Finally, the thesis illustrates how the cultural-community aspect of political action paves the way for the emergence of a new Filipino collective identity in Australia which is based on personal agency, political awareness and positive emotional attachment to group collectivities. It concludes by recognising two significant implications of this new collective identity, which I dub ‘movement identity’, in Australia: first, it points to the emerging ‘micro-collective’ identity of Migrante as a subgroup of Filipino diasporans in Australia; and, second, it depicts the transformation of collective identity from ‘being Filipino’ (having a sense of ‘who we are’) to ‘becoming political’ (having a sense of ‘what we have become’), which shows the true essence of conscious citizenship.
Degree awarded: PhD
Date awarded: February, 2019
Title of dissertation: Engaging young people from migrant and refugee backgrounds with sexual and reproductive health care
University: UNSW, Sydney, School of Social Sciences
Supervisors: Professor Anthony Zwi, Associate Professor Christy Newman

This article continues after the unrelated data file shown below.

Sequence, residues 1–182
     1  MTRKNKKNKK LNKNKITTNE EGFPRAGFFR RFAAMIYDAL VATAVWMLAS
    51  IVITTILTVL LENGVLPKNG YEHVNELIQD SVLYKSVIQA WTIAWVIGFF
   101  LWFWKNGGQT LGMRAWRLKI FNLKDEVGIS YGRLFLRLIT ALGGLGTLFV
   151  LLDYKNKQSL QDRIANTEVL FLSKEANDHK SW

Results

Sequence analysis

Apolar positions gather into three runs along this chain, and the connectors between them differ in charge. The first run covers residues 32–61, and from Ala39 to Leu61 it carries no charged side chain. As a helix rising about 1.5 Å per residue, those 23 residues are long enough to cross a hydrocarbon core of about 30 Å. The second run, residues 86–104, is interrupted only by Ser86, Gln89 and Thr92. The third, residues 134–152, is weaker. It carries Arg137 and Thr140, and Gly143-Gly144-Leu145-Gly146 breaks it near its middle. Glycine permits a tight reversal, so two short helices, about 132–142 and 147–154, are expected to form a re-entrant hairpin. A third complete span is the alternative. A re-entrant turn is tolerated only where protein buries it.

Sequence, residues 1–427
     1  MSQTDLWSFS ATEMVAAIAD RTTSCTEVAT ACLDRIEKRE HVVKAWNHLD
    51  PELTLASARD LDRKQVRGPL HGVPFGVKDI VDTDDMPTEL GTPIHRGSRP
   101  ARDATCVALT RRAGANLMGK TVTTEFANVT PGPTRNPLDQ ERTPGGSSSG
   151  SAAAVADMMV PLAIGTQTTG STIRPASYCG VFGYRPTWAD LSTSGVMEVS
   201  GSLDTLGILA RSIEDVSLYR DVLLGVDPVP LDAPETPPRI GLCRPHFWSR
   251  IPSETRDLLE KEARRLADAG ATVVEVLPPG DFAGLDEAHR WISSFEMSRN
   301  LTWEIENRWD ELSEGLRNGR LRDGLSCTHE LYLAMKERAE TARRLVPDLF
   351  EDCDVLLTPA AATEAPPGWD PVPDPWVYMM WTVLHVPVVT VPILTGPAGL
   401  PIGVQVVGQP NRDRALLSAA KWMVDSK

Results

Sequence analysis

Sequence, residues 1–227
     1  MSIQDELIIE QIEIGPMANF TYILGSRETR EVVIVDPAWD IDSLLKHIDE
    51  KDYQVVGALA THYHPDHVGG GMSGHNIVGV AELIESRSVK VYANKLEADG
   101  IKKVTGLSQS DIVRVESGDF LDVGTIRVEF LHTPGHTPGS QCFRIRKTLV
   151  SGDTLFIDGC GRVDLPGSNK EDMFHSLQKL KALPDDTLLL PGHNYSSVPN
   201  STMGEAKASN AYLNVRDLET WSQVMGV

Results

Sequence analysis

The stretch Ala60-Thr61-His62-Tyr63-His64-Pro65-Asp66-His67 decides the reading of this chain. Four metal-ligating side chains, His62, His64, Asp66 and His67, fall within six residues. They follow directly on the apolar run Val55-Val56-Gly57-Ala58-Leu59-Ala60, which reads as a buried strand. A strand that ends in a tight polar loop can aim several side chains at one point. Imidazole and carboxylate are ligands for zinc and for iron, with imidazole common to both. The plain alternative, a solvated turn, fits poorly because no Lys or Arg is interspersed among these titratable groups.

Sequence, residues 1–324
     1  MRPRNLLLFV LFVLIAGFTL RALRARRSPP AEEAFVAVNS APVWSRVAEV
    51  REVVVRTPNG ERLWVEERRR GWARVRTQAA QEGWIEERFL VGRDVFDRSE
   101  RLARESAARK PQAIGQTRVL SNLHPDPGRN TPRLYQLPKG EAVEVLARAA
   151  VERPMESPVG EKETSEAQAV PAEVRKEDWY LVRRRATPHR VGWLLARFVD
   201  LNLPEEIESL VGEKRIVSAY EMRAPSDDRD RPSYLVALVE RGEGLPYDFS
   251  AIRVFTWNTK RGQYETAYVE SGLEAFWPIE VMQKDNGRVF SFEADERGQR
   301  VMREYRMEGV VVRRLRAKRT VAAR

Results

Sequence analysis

Young people who identify with a minority cultural and/or language background may be at heightened risk of poor sexual and reproductive health and have limited engagement with sexual and reproductive healthcare. Whilst there is increasing recognition of this issue in Australia, little empirical research has explored the views and experiences of migrant and refugee young people in relation to this. To address this gap, interviews with migrant and refugee young people (n = 27) and ‘professional’ key informants (n = 34) were undertaken. Young people participated in first interviews (n = 27), follow-up interviews (n= 9) and walking interviews (n=6, with a total of 15 walking interviews). Despite being from diverse cultural and language backgrounds, the young people who participated were more similar than different regarding their views and experiences with information and services for sexual and reproductive health. They described a persistent taboo among family and community in relation to sexuality and sexual health. Most were unaware of the different services available for supporting young people in pursuing sexual and reproductive health. The option of seeing a ‘specialised’ service for this aspect of health appealed to many, as these were perceived to be more confidential and non-judgemental than general practitioners or ‘family’ doctors. Findings highlight the complexities of designing effective healthcare systems that incorporate the varied experiences and backgrounds of young people, and the importance of reaching diverse populations with sexual and reproductive health promotion and care. Findings could contribute to enhancing policy and practice approaches to engaging diverse young people with sexual and reproductive health care in Sydney and similar metropolitan settings. There is an important opportunity for ‘specialised’ sexual and reproductive health services and general practitioners to better engage migrant and refugee young people and ensure provision of welcoming and inclusive services.